Women, Peace & Security

In the News: Tuesday, 7 July 2020

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Funding Needed for the Next 20 Years of the Women, Peace and Security Agenda

Source: Australian Strategic Policy Institute / Laura J. Shepherd

As we celebrate 20 years of the women, peace and security agenda, many—if not most—of the conversations I have with practitioners, advocates and activists working on WPS turn to the issue of implementation. One person I interviewed said, with no small degree of frustration, that everyone is concerned with ‘how you bridge the gap between the UN Security Council at the political level and the implementation of the agenda concretely on the ground with concrete results that make a difference in the lives of women’.

Significant gains have been made over the past 20 years. But in terms of institutionalising the agenda, increasing women’s participation in peace and security governance, and building institutional structures to protect against, investigate, and ultimately prosecute, sexual violence in conflict, there are many areas in which progress is stalling or going backwards.

Making a difference in the lives of women requires a concerted effort across diverse contexts and across diverse spheres of practice—including policymaking, advocacy, academic research, training, programming and service delivery in conflict-affected and fragile settings, and grassroots peacebuilding and conflict-prevention efforts. Moreover, tensions can arise between different manifestations of WPS as local actors pursue their specific priorities and objectives.

This complexity necessarily precludes any simple answers to the question of how the WPS agenda will continue to develop over the next 20 years.

There are three guiding principles for engagement with the WPS agenda across the various contexts within which it unfolds, however, and these relate to the most salient lessons I’ve learned from almost 20 years of research in this field: the formal rules matter, culture matters and money matters.

Read the full article here.

Women, Peace and Security and Indonesia’s Foreign Policy

Source: The Jakarta Post / Retno LP Marsudi, Foreign Minister of Indonesia

The issue of women, peace and security is one of the priorities of Indonesia’s foreign policy. This priority is manifested also in our support for the empowerment of women as agents of peace.

Last year, Indonesia held two major initiatives to promote women’s contribution to peace and security.

The first was an event called Regional Training for Women, Peace and Security held in Jakarta from April 8 to 9, 2019. The training, attended by 60 young female diplomats from the region, was aimed at strengthening their capacity in peacemaking processes.

The second was the Dialogue on the Role of Women in Building and Sustaining Peace, held from Nov. 26 to 30. A platform designed to support Afghan women’s participation in their country’s peace process, the event was attended by 38 Afghan women from different backgrounds and regions, including conflict regions.

Read the full article here.

Security Council’s Overdue COVID-19 Ceasefire Resolution Must Put Women & Youth at Center

Source: Inter Press Service / Fionna Smyth

More than three months after UN Secretary General Antonio Guterres made an urgent appeal for a global ceasefire in response to the COVID-19 pandemic, the UN Security Council has finally passed a resolution supporting his call.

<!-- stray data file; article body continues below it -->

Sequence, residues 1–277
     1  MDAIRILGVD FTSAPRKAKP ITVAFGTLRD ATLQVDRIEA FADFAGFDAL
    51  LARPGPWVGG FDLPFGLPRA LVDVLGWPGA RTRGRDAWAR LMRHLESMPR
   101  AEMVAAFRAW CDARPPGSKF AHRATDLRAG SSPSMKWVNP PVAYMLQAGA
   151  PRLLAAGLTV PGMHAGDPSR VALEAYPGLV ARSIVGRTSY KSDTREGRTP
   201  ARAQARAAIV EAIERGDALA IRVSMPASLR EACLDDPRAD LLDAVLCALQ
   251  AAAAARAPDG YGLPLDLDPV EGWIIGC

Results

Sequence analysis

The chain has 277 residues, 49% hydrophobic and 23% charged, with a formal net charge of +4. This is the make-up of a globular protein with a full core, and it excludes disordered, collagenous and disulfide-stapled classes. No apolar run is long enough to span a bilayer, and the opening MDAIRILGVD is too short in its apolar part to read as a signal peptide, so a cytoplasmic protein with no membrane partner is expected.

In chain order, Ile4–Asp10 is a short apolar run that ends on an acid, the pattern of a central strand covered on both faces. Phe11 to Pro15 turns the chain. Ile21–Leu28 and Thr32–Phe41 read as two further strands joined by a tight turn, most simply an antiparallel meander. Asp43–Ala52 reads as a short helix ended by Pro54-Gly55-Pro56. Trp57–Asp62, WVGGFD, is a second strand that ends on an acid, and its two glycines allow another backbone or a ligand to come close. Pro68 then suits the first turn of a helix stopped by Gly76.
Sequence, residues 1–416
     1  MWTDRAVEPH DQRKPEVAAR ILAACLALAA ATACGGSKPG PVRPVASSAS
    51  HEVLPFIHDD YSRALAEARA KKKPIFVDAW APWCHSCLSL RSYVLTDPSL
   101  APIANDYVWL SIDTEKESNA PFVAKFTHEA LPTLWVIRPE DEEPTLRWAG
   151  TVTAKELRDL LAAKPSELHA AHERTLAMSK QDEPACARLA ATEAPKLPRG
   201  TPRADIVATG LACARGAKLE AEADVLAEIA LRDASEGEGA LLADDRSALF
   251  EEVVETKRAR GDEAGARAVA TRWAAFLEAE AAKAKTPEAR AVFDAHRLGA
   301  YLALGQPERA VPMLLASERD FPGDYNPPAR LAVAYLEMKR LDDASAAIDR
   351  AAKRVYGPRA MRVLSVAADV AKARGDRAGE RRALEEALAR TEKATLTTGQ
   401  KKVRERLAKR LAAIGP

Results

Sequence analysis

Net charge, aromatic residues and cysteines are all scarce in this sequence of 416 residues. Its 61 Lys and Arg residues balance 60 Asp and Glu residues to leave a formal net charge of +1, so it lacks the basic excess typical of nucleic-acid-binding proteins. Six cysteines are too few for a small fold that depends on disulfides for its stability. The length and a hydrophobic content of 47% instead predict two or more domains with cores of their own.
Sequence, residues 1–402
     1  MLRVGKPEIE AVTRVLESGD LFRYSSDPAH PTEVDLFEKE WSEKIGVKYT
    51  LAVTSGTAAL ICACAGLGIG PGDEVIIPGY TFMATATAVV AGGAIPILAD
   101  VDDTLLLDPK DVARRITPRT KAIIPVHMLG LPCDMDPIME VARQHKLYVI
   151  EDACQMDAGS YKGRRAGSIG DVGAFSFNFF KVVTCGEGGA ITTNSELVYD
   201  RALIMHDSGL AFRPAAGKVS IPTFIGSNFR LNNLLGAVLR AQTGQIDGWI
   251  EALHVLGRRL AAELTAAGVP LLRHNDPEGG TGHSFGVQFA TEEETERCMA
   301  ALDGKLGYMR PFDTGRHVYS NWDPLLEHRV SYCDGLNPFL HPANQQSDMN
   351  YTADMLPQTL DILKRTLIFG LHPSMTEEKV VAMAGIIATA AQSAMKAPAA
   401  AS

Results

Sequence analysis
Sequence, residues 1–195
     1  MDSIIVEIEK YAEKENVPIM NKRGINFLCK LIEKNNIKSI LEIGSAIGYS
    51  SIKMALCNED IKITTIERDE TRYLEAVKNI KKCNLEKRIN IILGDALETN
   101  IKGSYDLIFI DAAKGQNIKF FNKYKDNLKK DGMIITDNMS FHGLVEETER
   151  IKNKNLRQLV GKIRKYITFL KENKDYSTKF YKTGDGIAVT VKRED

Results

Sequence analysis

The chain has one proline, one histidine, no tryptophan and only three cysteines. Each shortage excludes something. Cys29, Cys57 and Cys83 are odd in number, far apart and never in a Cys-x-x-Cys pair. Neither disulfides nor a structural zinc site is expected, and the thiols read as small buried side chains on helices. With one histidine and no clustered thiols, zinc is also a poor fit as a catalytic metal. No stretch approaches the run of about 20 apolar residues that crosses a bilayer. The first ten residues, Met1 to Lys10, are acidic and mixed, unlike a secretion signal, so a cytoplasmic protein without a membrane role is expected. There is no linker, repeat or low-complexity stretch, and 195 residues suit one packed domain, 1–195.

As Oxfam stated in its report Conflict in the Time of Coronavirus, the virus is exposing and exacerbating existing issues in conflict-affected and fragile countries, further complicating efforts to help those in need. In Yemen, airstrikes have destroyed hospitals and other infrastructure, with now barely half of health centers fully functional and only a small number equipped to treat COVID-19 cases.

Displaced Rohingya people who have risked everything to flee conflict and persecution in their home country have been blocked from ports due to fear of the virus spreading. In Colombia, one of the countries which initially endorsed the UN Secretary-General’s call for a global ceasefire, armed groups have ignored the risks of the pandemic and used the heightened insecurity to target human rights defenders, many of whom are indigenous and Afro-Colombian women.

While the resolution is welcomed, it is long overdue and highlights a remarkable situation where some non-state armed groups – like the Southern Cameroons Defense Forces, an armed wing of the African People’s Liberation Movement – responded to the UNSG’s call for peace before the UN Security Council did.

The resolution also falls far short of what civil society and the humanitarian community had called for. For one, the resolution only reinforces the global ceasefire call in “situations on the UN Security Council’s agenda,” leaving out many States. In addition, it exempts “counter-terrorism efforts”. This is a notoriously vague term which can be used by some countries to quelle legitimate dissent and close civil society space. Too often civilians are caught in the crossfire and it is fueling humanitarian crises where COVID-19 cases are on the rise.

Finally, the process was so delayed that many fear the impact will be minimal. The difficulties in reaching consensus revealed the deficiencies of the Council, and calls into question how seriously the Council will take implementation.

Read the full article here.

‘Yazidi Women are Strong’: Iraq’s female Landmine Clearance Teams

Source: The Guardian / Kate Denereaz

Isis planted mines across Sinjar and displaced the Yazidi community. Now a group of women are clearing the way for the return of their people.

Read the full article here.